True-False Statements

  1. Jesus was born in a stable.
  2. There were three Wise Men (Magi) who visited Jesus and his parents.
  3. The shepherds and the Wise Men didn’t visit Jesus and his parents at the same time.
  4. At the time the Wise Men visited Jesus, He was living in a house.
  5. Jesus was born in the year A.D. 1.
  6. Jesus was probably born in the winter.
  7. Jesus was born to a woman who had never had sexual relations.
  8. Joseph married Mary before Jesus was born.
  9. Santa Claus traces his origin to a monk who was born in the 3rd century.
  10. The total 2020 cost of the items in the song “The Twelve Days of Christmas” is greater than the poverty threshold for a family of four in the U.S.

Answers

  1. False. In spite of what you have seen in nativity scenes, the Bible does not say that Jesus was born in a stable or a barn. He was probably born in a cave; in the second century, Justin Martyr said that Jesus had been born in a cave outside Bethlehem.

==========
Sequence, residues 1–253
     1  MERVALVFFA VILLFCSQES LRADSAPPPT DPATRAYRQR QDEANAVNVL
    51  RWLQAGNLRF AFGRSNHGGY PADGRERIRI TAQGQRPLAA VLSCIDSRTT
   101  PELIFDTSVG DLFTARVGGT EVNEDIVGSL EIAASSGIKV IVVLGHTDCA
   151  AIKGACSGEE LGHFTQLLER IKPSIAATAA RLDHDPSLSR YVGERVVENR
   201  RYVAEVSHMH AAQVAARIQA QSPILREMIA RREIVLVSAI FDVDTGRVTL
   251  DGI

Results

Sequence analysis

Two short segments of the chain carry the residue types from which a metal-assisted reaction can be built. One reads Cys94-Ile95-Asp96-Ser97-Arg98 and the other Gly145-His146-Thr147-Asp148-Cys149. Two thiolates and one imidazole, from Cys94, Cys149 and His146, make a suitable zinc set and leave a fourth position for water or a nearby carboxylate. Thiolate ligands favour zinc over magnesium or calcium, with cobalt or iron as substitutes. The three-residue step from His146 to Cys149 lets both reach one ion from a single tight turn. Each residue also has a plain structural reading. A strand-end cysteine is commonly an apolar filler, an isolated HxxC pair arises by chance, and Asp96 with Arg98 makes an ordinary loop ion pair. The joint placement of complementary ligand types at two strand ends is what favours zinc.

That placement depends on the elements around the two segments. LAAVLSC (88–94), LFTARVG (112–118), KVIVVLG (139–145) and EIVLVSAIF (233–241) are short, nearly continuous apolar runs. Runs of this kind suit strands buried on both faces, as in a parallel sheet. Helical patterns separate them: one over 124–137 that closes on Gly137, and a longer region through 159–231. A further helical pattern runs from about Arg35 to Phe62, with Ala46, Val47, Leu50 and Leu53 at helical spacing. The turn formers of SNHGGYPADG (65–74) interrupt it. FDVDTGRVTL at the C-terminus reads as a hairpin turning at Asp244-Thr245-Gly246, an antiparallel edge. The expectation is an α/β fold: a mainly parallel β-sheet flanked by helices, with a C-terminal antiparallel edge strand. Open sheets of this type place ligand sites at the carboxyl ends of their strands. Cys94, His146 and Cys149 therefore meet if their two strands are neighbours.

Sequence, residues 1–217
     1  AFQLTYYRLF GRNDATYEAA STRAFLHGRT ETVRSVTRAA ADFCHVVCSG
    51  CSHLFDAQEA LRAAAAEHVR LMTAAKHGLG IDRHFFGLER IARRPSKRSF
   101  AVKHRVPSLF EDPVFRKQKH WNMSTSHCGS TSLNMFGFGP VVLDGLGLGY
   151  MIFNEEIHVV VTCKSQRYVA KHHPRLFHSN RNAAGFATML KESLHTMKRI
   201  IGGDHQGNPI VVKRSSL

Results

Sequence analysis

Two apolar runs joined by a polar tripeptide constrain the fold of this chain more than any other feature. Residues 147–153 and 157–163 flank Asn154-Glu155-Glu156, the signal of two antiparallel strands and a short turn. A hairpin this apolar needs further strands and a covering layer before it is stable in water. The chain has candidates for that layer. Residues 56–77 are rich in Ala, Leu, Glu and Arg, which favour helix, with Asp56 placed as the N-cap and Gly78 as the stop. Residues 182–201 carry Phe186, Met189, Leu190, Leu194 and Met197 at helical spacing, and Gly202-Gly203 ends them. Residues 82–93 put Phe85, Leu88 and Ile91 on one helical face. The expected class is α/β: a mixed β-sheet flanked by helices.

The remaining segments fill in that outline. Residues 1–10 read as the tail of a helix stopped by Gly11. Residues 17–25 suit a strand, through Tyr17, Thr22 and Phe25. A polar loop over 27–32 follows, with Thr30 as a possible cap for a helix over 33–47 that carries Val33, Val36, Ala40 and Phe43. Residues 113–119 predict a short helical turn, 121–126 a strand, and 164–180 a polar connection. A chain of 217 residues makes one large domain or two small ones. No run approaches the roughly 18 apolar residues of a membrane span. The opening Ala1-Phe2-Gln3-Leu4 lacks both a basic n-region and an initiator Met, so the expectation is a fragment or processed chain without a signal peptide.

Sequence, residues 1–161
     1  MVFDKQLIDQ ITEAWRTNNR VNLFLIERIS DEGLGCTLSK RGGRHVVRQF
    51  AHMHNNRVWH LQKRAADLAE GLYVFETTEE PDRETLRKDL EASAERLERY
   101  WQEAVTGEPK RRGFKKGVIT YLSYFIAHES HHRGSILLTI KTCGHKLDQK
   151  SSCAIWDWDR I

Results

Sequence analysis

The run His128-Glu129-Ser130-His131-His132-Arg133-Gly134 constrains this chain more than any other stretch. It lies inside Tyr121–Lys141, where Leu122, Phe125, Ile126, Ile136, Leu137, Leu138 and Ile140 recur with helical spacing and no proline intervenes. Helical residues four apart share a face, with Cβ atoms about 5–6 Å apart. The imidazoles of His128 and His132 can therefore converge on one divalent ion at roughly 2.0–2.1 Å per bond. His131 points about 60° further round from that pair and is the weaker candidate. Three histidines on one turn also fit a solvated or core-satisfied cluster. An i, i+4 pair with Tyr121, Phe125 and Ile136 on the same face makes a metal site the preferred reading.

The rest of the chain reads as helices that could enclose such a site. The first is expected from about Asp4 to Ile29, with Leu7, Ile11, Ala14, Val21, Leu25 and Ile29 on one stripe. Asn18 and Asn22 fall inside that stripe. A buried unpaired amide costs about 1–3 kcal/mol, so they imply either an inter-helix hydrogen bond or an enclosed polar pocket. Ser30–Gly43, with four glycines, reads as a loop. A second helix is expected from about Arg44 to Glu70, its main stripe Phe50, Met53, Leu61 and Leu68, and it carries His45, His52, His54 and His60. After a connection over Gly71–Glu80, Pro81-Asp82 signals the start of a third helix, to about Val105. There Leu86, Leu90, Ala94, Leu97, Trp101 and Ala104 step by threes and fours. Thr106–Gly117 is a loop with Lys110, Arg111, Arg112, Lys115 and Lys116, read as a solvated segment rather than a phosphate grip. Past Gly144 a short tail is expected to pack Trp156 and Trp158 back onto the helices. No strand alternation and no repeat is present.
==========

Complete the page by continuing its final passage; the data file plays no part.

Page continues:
2. False. It is commonly assumed that there were three Magi because they brought three gifts: gold, incense, and myrrh. Perhaps you are also familiar with the Christmas song “We Three Kings.” However, the Bible does not tell us how many Magi there were.
  3. True. Luke tells us in Chapter 2:8 that there were shepherds “nearby.” In verse 16 Luke writes that the shepherds “hurried off and found Mary and Joseph, and the baby, who was lying in the manger.” Regarding the Magi, on the other hand, Matthew tells us in Chapter 2:16, “When Herod realized that he had been outwitted by the Magi, he was furious, and he gave orders to kill all the boys in Bethlehem and its vicinity who were two years old and under, in accordance with the time he had learned from the Magi.” This strongly suggests that by the time the Wise Men, who “saw his star in the east” (verse 2), came to Bethlehem, Jesus was probably at least a year old.